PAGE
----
According to sources, a vast majority of poker players have refused the vaccine and are simply going to sit this one out for both safety reason and to save face in case their vaccine status ever comes up. According to unofficial reports, the number of players who committed to the event is paltry. GGPoker has already announced satellite tournaments with a WSOP main event ticket as the grand prize for winners, but it will be meaningless if the borders are closed to them. While it’s true that the winner could find an alternate route there from a country that isn’t banned or make a plea to the government as Salas did last year, it is also true that the current Democrat administration is looking to cut down on these loopholes for travel that the previous administration let slide last year.
Consequently, the WSOP is in a quandary. No doubt, they are hoping that the virus will dissipate, more people will get vaccinated, restrictions will not be reinstituted, and the border bans will end prior to the September start of the events. But, that is unlikely with the current situation in the United States. More likely, COVID cases and death counts will continue to rise, more restrictions will be put in place, and travel bans will continue.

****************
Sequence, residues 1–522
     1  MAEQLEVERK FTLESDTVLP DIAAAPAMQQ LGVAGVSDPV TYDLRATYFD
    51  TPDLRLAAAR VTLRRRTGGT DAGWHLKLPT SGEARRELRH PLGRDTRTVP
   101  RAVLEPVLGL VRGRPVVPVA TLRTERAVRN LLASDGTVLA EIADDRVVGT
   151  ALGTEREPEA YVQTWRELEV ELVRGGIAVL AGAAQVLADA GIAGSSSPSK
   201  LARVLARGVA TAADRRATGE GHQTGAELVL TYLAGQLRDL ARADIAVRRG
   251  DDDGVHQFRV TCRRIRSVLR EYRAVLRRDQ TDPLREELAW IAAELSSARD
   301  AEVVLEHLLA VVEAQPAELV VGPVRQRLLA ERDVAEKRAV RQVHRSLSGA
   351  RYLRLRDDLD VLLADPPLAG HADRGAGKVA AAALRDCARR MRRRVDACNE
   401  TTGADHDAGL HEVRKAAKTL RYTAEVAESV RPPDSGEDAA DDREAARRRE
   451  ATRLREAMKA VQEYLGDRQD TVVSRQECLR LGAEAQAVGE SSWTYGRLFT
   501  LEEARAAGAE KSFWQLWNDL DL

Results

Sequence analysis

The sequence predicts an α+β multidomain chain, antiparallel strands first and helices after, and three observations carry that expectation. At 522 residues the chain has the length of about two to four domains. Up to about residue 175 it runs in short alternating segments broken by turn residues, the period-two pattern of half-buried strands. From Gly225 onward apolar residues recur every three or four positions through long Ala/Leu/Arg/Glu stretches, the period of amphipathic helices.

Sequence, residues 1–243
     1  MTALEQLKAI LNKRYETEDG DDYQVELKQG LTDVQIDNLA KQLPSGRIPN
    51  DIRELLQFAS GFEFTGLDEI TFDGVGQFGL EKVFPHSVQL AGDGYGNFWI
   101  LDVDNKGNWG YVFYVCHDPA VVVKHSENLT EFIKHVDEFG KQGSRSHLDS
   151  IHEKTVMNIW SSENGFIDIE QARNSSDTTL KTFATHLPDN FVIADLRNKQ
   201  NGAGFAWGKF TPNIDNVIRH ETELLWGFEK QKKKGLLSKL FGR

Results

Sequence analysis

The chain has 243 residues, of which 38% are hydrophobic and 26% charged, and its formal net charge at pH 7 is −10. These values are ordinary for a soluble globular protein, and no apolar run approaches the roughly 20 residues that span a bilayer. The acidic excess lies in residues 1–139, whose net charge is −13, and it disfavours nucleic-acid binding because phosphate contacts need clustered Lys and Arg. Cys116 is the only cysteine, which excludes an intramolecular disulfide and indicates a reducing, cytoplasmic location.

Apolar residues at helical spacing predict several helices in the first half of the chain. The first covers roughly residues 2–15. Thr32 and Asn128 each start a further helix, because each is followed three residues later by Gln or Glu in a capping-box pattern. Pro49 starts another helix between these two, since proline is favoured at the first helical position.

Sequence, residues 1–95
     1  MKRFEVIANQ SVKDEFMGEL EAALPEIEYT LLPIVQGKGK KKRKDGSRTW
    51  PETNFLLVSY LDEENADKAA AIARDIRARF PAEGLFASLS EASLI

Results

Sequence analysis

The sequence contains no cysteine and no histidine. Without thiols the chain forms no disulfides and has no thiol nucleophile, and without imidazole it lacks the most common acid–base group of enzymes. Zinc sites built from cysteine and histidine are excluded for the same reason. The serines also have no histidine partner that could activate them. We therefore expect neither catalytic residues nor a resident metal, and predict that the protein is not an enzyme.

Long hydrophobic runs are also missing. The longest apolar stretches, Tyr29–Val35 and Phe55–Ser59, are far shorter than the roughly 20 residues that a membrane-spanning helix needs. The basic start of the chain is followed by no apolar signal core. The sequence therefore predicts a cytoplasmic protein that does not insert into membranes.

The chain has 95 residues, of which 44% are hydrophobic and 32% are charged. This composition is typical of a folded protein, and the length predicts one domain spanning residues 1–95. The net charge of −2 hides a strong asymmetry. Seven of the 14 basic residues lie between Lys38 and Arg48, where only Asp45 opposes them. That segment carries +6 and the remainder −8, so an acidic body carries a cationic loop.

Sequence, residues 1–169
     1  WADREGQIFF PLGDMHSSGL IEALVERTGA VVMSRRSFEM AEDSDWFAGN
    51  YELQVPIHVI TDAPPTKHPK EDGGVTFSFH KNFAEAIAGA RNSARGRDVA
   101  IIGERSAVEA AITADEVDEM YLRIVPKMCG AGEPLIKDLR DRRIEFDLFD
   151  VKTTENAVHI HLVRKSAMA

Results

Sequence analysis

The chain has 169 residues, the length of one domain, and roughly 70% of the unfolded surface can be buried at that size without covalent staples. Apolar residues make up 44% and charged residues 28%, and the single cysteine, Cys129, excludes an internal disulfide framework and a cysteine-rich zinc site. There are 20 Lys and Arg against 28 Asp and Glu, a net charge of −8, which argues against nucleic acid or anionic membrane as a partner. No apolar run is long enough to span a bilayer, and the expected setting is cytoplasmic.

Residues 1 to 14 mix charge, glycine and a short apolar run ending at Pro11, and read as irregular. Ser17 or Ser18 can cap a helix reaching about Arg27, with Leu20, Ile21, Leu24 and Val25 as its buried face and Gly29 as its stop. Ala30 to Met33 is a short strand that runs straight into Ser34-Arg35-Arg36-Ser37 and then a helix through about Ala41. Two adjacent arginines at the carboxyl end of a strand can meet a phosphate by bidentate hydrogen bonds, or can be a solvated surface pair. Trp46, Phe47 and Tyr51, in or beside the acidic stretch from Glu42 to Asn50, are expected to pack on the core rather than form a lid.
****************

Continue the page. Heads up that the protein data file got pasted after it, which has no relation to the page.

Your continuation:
According to rumors being circulated in various poker forums and by industry insiders, the WSOP is hoping for the best, but preparing for the worst, which would mean putting off the main event until the borders reopen. According to sources close to the WSOP, they will absolutely not demand proof of vaccination and they will not have a half-assed tournament like 2020, with a confusing hybrid of online and in-person play. The WSOP realizes the COVID situation is out of their control and I have been told that secretly, the WSOP said in hindsight they wish they never bothered with last year's tournament. Aside from the fact that it didn't produce a winner that people accept as a true world champion, due to such low turnout, they have also been inundated with comments from people in the poker world that the true world poker champion in 2020 was Stoyan Mandanzhiev. He won $3.9 million in a $5,000 buy-in online event and defeated 5,800 other players from around the world including the United States. Of course, the WSOP have themselves to blame for that too, since they gave Mandanzhiev a belt which read World Poker Champion.
So, given the current situation and the fact that U.S. borders look like they will not be fully open any time soon, many analysts and some writers, myself included, expect an announcement from the WSOP sometime in the next month that because of circumstances beyond their control, the 2021 WSOP main event will be postponed indefinitely.